Wichita State anthropology professor and archaeologist Don Blakeslee was reading a new translation of an old account of a 1601 hostile encounter between Spanish explorers and Native Americans near the site of a “great settlement.” No one knew for sure just where this was, although there were clues. As Blakeslee read, a quite definite location kept coming to mind. “I wonder,” he thought. “I wonder …”
As it has played out, Blakeslee’s flash of recognition was right on point — and it pointed to a rock-lined gully, thick with walnut trees, near the Walnut River’s edge just east of Arkansas City, Kan.
Evidence uncovered during a five-day archaeological field study that Blakeslee led in early June of last year to check his hunch has indeed established this as the site of that long ago clash between Spanish conquistadors and Native Americans.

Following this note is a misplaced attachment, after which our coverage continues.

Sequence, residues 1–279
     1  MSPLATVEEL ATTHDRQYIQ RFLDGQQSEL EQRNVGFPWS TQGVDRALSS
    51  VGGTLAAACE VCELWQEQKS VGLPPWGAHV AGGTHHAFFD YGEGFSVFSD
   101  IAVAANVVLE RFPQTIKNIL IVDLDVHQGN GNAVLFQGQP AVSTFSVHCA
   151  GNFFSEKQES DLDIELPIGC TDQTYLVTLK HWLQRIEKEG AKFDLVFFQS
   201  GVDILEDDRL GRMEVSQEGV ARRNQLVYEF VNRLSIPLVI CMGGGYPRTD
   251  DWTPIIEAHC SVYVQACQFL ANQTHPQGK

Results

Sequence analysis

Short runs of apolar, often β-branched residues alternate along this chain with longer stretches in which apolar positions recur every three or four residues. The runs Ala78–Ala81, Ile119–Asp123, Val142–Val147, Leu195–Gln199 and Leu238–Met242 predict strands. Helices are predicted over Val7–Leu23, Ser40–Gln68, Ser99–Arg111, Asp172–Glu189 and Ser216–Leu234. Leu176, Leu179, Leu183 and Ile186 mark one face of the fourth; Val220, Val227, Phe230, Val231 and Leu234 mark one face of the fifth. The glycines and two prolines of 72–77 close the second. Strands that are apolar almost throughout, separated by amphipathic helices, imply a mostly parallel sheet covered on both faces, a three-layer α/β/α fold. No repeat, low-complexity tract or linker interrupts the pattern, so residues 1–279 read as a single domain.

It was 415 years ago when Juan de Oñate, the colonial governor of the Santa Fe de Nuevo México province in the Viceroyalty of New Spain, set out from New Mexico with his soldiers for the southern Plains, marching through parts of modern-day Texas, Oklahoma and Kansas.
Oñate and his party — said to have comprised a dozen Franciscan priests, some 130 Spanish soldiers with several cannons, as well as a retinue of 130 Native American scouts, soldiers and servants — had their sights set on finding treasure, gold in particular.
That didn’t happen. But they saw herds of American bison, and the Spanish among them marveled at these “most monstrous cattle.”